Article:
Canada has suspended the assistance its special forces were providing to Iraqi security forces as Iraqi and Kurdish forces battle each other.
Canadian commandos have been working with the Kurds and some assistance has been provided to the Iraqis.
|Canadian special forces look over a Peshmerga observation post, Monday, February 20, 2017 in northern Iraq.THE CANADIAN PRESS/Ryan Remiorz|
But, “given the fluidity of the current situation, Canada’s Special Operations Task Force has temporarily suspended the provision of assistance to various elements of Iraqi security forces,” Canadian Forces spokesman Col. Jay Janzen said Friday.
“Once more clarity exists regarding the interrelationships of Iraqi security forces, and the key priorities and tasks going forward, the Task Force will resume activities,” he said. “In the interim, they will continue to monitor the situation and plan for the next potential phases of operational activity.”
The Ottawa Citizen reported Wednesday that Canada is also reviewing its program to supply the Kurds with small arms.
Canadian special forces have been providing assistance to the Kurds and Iraqis in their war against ISIL. But with ISIL in retreat, Iraqi and Kurdish forces are now fighting each other. The Kurds want to separate from Iraq and, during the war against ISIL, they seized large portions of the country. That included the city of Kirkuk and nearby oil fields, which hold an estimated 40 per cent of Iraq’s oil.
The Iraqi government declared the recent Kurdish referendum supporting independence illegal and sent troops to retake Kirkuk and other territory.
The Kurds offered on Wednesday to put any drive towards independence on hold, but that was rejected by the Iraqis.
However, on Friday, Iraqi Prime Minister Haider al-Abadi ordered a 24-hour ceasefire. That “should allow a joint technical committee to work on the deployment of federal Iraqi forces in all disputed areas, including Fish-Khabur, and the international border,” Abadi said in a statement.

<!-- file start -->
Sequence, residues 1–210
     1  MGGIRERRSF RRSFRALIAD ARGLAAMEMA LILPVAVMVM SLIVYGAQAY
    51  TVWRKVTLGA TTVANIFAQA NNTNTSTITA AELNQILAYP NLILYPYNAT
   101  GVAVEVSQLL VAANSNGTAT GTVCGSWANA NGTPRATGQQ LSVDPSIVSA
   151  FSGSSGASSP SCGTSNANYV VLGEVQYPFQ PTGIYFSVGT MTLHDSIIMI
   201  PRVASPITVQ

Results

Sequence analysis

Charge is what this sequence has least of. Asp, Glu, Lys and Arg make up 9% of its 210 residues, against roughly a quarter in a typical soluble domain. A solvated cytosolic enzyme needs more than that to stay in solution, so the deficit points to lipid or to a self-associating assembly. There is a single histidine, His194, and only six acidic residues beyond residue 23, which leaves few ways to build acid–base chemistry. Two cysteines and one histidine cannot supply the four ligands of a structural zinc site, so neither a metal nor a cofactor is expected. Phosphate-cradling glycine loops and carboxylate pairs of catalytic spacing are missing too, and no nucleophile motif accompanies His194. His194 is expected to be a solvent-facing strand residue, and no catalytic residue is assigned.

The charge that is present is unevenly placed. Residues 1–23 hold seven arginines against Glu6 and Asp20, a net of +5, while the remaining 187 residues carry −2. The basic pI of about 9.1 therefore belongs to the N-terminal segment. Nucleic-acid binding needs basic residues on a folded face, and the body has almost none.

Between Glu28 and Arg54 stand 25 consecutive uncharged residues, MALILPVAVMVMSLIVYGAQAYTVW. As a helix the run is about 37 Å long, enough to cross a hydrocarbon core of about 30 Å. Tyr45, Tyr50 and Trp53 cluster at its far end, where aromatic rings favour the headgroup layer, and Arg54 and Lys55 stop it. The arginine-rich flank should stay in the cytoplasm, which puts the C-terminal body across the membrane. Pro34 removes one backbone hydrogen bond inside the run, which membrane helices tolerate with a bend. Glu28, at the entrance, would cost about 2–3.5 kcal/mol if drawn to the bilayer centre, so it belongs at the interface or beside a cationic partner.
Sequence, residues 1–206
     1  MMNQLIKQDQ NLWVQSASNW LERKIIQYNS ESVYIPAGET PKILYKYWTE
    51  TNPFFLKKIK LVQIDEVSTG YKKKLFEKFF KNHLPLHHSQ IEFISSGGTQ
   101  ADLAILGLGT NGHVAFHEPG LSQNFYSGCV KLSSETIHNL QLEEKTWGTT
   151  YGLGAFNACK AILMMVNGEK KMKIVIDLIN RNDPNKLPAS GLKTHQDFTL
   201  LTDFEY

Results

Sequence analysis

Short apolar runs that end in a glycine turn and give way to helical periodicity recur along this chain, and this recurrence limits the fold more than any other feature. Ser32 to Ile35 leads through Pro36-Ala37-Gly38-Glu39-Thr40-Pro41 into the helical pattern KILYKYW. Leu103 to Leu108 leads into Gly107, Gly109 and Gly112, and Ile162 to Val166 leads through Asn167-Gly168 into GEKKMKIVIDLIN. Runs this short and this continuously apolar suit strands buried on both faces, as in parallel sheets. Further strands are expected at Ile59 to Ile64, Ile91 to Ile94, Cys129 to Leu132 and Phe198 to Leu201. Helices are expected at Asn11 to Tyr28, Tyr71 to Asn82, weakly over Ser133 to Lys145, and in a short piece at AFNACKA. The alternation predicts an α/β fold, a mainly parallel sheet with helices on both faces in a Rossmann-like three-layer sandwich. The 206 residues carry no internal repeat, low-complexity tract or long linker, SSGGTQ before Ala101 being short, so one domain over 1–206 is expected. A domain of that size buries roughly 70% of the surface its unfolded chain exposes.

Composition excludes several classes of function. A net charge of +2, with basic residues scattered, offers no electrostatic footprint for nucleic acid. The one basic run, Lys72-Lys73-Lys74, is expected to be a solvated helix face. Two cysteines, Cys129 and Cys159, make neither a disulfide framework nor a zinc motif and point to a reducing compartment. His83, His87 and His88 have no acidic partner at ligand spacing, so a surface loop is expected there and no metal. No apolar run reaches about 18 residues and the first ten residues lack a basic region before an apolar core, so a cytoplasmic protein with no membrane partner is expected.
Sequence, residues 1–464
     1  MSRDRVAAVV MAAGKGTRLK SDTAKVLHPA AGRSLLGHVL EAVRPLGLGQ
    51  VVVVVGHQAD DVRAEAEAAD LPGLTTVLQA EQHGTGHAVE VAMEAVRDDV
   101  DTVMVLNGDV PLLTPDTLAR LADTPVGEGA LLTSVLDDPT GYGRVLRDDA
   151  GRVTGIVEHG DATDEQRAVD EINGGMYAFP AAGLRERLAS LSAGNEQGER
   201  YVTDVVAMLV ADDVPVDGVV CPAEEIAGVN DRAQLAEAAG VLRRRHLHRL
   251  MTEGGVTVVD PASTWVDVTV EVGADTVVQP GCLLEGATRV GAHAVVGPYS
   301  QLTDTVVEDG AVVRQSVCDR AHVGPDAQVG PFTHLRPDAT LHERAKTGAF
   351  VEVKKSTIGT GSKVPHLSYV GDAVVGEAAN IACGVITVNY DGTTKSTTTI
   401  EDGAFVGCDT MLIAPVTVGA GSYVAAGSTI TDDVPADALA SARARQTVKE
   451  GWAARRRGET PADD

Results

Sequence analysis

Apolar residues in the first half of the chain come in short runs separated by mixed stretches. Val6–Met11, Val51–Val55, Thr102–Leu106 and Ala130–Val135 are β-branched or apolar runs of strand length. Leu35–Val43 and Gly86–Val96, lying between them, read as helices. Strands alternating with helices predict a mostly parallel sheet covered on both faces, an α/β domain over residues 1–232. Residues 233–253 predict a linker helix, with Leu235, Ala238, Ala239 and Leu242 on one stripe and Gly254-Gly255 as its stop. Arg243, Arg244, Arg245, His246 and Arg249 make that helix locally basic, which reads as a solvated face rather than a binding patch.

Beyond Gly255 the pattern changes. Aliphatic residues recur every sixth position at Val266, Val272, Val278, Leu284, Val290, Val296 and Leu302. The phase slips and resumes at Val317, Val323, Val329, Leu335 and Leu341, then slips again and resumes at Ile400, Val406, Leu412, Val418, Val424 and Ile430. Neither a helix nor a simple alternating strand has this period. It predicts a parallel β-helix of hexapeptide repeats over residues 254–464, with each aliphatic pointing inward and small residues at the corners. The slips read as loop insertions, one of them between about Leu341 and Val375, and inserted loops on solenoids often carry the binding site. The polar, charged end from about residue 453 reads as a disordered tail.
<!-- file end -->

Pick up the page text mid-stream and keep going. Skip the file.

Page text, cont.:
The Kurds have welcomed the pause in fighting.
Janzen said the Canadian Forces will continue to support the U.S.-led coalition battling ISIL. That includes the provision of transport helicopters, a medical facility and surveillance and intelligence gathering capabilities.
“Only the provision of assistance to various elements of Iraqi security forces has been temporarily suspended,” Janzen said.
The previous Conservative government sent Canadian special forces to northern Iraq to train the Kurds starting in 2014. That program was continued by the Liberals.
But the issue of training and arming the Kurds has been highly controversial from the start. Kurdish leaders openly acknowledged their intent was to eventually create an independent state. The arms were needed both to fight against ISIL and to defend an independent state, they said.
The Kurds say at least 30 of their soldiers have been killed and another 150 wounded in ongoing clashes.
Bayan Sami Abdul Rahman, the Kurds’ top diplomat in Washington, said it’s past time the international community end its “laser focus” on ISIL and begin to address Iraq’s many underlying problems.
“’We are laser-focused on (ISIL).’ That has been the mantra of the past few years,” Abdul Rahman told The Canadian Press. “But to continue to say we’re laser-focused on (ISIL) is missing the obvious truth of what is happening in Iraq.”